Dear B: I now make a false statement with the intent to decieve you. My statement is: “2+2=5.” Ha! Were you fooled? However, this is not fraudulent. Fraud, for the libertarian, is limited to cases where theft takes place. That is a necessary, albeit not sufficient condition. I have not stolen anything from you by making this false statement, on the basis of which I purposefully attempted to deceive you.
However, I now sell you a bag of potatoes for $5 (I tell you there are potatoes in the bag), and it actually contains rocks, not potatoes, then I stole $5 from you. (Don’t tell the NYTimes I did this to you; they’ll label me as a theif, a fraudster). Fraud requires theft, and in the mathematical equation I sent you, above, I didn’t steal anything from you. So, I didn’t commit fraud. I just lied to you. (Hey, NYTimes, I didn’t really lie to him. I am not a liar here. I’m just employing a reductio ad absurdum.)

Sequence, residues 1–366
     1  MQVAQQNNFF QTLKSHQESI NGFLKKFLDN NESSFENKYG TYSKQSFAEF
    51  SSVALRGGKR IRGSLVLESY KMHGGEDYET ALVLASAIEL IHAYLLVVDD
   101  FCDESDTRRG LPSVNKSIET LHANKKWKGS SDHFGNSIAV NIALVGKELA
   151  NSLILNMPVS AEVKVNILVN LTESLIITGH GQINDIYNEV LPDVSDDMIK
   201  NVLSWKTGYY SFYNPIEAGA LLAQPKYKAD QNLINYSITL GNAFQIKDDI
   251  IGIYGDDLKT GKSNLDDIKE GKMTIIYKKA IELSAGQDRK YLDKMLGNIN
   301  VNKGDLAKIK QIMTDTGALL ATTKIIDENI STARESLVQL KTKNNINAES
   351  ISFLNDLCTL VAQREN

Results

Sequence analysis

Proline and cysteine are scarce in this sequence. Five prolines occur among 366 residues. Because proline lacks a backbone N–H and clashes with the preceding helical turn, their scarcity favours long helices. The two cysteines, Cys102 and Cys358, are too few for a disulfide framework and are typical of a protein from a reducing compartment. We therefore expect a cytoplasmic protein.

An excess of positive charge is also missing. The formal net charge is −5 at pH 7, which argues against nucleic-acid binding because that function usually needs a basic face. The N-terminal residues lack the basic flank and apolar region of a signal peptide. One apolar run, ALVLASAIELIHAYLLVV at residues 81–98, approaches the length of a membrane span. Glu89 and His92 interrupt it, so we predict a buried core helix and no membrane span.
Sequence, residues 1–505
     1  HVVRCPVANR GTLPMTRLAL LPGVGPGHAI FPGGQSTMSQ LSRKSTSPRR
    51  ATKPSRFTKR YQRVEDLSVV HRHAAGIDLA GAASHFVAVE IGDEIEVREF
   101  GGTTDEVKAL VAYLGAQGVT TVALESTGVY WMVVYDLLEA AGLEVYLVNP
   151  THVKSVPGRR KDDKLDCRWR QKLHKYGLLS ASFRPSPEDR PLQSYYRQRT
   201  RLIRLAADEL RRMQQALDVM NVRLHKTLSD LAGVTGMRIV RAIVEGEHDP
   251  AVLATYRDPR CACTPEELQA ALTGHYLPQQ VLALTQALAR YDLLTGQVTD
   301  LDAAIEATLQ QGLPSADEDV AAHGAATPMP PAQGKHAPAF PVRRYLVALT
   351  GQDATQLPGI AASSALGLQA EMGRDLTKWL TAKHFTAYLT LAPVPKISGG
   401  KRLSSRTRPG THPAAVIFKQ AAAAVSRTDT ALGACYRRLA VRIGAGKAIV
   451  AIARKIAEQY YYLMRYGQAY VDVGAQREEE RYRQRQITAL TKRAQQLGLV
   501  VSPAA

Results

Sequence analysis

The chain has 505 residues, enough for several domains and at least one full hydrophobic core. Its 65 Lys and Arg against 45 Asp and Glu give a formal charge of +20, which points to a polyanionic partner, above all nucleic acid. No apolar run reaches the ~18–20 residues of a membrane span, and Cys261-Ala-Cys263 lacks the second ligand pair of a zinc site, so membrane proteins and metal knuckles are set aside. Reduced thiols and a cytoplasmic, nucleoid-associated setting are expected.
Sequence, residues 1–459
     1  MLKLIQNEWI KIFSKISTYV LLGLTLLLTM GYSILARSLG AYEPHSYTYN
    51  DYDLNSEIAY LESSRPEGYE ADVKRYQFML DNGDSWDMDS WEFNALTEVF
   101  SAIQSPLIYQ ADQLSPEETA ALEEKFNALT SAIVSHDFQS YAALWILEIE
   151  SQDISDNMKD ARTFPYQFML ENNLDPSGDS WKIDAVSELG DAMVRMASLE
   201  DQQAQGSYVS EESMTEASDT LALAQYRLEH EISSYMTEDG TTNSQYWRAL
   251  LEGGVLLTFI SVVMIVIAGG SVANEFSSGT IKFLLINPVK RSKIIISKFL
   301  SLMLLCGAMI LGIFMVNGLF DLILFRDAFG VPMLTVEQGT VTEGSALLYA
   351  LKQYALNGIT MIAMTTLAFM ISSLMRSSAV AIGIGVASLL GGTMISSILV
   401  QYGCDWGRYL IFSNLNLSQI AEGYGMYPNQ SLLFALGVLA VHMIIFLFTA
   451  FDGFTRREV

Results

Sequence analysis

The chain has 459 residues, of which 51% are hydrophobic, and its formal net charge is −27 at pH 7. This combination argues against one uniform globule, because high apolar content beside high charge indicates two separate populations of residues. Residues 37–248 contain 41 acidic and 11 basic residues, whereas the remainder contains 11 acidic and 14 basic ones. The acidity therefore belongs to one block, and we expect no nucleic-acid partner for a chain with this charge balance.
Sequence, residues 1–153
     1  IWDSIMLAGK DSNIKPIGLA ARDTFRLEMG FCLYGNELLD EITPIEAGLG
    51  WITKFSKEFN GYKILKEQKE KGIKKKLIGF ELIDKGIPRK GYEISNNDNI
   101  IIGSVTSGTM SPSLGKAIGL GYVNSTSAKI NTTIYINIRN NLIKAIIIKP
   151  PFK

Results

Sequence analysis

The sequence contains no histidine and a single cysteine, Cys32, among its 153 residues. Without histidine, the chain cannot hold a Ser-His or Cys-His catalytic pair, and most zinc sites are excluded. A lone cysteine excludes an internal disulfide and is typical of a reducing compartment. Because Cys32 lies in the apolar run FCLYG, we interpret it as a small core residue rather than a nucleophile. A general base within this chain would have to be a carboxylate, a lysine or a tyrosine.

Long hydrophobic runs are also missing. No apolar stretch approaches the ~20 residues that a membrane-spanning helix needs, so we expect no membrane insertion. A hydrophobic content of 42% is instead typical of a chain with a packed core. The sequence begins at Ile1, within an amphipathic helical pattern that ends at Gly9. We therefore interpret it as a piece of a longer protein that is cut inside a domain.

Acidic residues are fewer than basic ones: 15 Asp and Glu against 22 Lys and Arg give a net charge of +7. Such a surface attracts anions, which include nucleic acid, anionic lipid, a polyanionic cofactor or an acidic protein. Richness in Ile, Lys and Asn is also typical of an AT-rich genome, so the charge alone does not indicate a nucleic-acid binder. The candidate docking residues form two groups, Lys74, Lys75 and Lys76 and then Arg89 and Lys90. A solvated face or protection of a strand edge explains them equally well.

From: N Sent: Friday, April 27, 2018 10:59 AM To: Walter Block Subject: Religion and Fraud
There are some religions out there that tell people that if they convert, donate a lot of money, and then perform a special ritual, their cancer will be healed. Should this be regarded as fraud or protected as religious freedom? Second, if you regard it as fraud, why? I think the most common answer would be that it’s fraud because there is no evidence that the ritual and donation cure cancer. If you take that to its logical conclusion shouldn’t we regard many religions as fraudulent, as many say convert and pay me money and I’ll enable you to live forever. Now there is no evidence that religion enables people to live forever, so isn’t this fraud? It seems to me that we have to accept both conclusions or neither.